Understanding CDHPs, HRAs and HSAs
Karen Gustin, LLIF, Ameritas Group Dental and Eye Care
Are these health benefit options right for your company?
CDHPs, HSAs, HRAs … these acronyms are regularly tossed around by the news media, insurance professionals and federal officials with the assumption that everyone understands these health-care cost-savings options. Feedback from business leaders indicates that many have heard the names, but they’re unsure as to exactly what the options are, whether they are the right fit, or how to implement them.
Consumer-Driven Health Plans (CHDPs) were designed with the goal of encouraging Americans to become active participants in their health-care decisions. Initially the concept was broadly applied to defined-contribution plans. Employers offered several plan choices — some with a fixed contribution from the company — with employees expected to pay the balance.
In 2002, Health Reimbursement Accounts (HRAs) were created so employers could contribute tax-exempt funds for employees to use to pay eligible medical expenses. These accounts earn interest and may be carried from year to year. Health Savings Accounts (HSAs) were added a year later to encourage employees to set up personal savings accounts to pay for current health-care costs with pre-tax dollars and save for future medical expenses.
Businesses that have adopted consumer-driven plans say announcing the availability of an HSA or HRA to employees is not enough. Employers must help employees take ownership of their health benefits by proactively communicating plan options and savings.
Plans catch on
As of first-quarter 2006, 62 percent of companies with a consumer-driven plan provided an HAS, and 38 percent offered an HRA plan option to employees. Approximately 75 percent of Fortune 500 companies expects to offer a consumer-driven plan with an HSA or HRA option in 2007.
Many employers offering HSA/HRA plans have noticed that first-year enrollments are typically low, but participation significantly increased in subsequent years, mainly due to word-of-mouth endorsements for the plans by other employees. As employees gain experience with these plans, they like the idea of being responsible for their health-care choices. However, they want to know how much health-care options will cost, especially since they will be writing the checks.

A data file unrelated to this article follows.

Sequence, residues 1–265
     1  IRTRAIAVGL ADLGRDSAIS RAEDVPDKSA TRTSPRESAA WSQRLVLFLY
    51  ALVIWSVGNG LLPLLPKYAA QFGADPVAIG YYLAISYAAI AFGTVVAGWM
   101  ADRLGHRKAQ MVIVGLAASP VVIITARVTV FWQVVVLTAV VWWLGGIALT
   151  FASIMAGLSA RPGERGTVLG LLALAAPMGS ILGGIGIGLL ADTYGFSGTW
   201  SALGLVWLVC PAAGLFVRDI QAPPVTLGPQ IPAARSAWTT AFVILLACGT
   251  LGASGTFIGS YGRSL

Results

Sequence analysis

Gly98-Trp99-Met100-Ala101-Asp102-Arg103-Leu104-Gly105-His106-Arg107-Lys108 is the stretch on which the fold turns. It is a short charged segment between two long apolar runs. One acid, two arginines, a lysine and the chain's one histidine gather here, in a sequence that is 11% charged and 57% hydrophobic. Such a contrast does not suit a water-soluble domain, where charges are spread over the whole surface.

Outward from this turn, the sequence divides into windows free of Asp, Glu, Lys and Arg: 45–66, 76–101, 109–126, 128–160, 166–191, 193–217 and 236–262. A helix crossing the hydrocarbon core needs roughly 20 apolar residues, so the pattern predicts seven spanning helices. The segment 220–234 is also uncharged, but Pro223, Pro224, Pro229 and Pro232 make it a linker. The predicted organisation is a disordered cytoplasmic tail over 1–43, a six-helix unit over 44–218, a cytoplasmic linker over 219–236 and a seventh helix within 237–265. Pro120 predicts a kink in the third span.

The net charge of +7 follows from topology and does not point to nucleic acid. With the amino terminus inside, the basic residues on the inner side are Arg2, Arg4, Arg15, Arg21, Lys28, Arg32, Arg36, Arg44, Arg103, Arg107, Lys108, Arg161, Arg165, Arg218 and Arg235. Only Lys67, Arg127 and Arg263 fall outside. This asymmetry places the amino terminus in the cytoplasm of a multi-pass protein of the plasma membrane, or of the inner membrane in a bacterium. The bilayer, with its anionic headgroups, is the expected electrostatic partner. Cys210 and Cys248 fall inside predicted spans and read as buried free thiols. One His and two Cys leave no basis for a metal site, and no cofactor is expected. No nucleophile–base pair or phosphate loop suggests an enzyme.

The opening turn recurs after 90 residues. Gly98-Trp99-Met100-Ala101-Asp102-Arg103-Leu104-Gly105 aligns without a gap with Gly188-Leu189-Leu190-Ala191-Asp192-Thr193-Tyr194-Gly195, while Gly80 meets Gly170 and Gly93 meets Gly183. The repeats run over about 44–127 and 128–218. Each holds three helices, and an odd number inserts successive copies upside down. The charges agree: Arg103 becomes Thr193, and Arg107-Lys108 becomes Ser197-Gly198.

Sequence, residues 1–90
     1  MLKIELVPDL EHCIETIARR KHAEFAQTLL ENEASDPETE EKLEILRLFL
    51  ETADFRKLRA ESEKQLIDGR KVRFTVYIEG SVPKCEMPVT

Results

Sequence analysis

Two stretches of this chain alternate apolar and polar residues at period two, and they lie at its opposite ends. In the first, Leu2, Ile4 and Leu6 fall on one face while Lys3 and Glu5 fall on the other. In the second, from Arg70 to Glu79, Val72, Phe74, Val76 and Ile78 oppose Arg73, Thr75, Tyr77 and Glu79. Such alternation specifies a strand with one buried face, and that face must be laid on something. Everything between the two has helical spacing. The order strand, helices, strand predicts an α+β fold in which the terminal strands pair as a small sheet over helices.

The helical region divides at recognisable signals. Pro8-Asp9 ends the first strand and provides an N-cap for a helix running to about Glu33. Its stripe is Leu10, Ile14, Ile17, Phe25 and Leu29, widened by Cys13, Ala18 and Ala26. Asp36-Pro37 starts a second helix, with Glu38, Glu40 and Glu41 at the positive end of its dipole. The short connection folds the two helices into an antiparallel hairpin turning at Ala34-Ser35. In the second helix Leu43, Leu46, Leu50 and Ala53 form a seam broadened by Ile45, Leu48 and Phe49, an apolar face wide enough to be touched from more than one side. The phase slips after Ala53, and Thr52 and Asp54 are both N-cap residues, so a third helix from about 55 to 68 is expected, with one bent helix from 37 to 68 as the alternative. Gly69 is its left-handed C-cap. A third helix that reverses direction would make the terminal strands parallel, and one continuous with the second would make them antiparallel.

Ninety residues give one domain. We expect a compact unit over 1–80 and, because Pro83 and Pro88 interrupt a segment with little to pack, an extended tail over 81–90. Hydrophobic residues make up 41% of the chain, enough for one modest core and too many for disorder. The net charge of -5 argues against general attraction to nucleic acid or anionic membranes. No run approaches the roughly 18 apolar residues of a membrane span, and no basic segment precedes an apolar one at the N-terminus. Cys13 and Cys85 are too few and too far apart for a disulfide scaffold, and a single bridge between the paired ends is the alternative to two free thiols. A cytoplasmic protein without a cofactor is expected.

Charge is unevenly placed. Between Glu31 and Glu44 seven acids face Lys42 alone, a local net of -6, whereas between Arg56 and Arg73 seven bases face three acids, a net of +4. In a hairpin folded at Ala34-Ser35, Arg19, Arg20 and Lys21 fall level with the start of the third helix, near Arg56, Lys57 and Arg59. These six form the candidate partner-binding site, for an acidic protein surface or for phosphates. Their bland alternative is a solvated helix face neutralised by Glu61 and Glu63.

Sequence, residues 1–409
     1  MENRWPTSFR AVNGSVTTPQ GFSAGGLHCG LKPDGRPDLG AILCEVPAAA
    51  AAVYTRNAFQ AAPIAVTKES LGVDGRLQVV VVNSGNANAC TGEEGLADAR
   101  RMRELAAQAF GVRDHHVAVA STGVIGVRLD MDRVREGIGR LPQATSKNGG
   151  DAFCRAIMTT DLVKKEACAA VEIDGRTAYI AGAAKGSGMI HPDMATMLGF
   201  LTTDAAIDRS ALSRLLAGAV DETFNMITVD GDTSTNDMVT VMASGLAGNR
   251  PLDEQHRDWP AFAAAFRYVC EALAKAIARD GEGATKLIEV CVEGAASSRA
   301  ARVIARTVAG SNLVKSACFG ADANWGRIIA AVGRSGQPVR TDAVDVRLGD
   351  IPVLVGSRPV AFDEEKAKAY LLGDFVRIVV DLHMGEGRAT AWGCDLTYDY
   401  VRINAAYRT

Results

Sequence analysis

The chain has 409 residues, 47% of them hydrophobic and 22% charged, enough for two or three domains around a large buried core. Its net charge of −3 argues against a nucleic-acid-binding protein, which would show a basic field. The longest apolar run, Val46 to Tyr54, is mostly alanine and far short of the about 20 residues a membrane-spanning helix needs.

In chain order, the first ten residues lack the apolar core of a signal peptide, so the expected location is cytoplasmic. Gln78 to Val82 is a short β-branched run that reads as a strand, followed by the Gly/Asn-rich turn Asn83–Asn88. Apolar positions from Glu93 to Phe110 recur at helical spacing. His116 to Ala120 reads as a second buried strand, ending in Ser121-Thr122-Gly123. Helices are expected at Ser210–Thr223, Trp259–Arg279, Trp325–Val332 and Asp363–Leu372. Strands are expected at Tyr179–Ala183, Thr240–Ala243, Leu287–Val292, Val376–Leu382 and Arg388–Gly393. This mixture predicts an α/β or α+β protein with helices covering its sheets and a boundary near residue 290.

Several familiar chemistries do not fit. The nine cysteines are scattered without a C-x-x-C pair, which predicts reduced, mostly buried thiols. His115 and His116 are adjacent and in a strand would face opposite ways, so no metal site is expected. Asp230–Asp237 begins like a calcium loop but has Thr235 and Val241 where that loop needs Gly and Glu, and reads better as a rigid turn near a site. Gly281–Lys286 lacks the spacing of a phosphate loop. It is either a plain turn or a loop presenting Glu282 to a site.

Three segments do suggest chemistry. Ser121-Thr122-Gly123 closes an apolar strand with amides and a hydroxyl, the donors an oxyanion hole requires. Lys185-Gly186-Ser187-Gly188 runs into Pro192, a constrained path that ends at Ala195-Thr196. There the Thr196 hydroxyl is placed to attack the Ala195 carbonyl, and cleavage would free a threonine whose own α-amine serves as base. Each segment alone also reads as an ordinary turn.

Communication is crucial
Employers experienced with consumer-driven plans make these recommendations for successful communication with employees:
Initiate employee communication programs six months in advance of the enrollment period.
Target messages to reach different groups of employees.
Develop a regular communication schedule, in different formats and locations, in order to break through the communication clutter and reach employees with key messages.
Dedicate employee resources to answer questions, especially in the initial phases.
Provide lists of resources for employees to research information online, such as www.eDoctorsOnline.com or www.WebMD.com.
Give details on how employees can effectively use their HRA and HSA programs.
Cite examples of how employees can access cost-effective, high-quality care.
Employees take control
Employees have more options for managing their health care than in the past, such as limiting doctor visits by buying over-the-counter kits to diagnose or treat common ailments, or participating in screenings at health fairs or commercial testing centers. The Internet also provides consumers with a wealth of health-care information and discount pharmacies.
Preventive care has become the trend. Employees have become more active in controlling risk factors, behavioral causes of disease and participating in wellness programs, realizing that lifestyle decisions may impact their costs and health status.
Solve the mystery
CDHPs, HRAs, HSAs are excellent options to give employees control over their medical decisions and expenses. However, employers must provide excellent communication to take the mystery out of these plan options and help employees feel comfortable choosing the right options for their families.
Karen M. Gustin, LLIF, is vice president-group marketing and managed care for Ameritas Group Dental and Eye Care in Lincoln, Nebraska. Her tenure with Ameritas Group spans 23 years. She’s involved with the National Association of Dental Plans (NADP), serving on the foundation board and chairing the Statistical Task Force.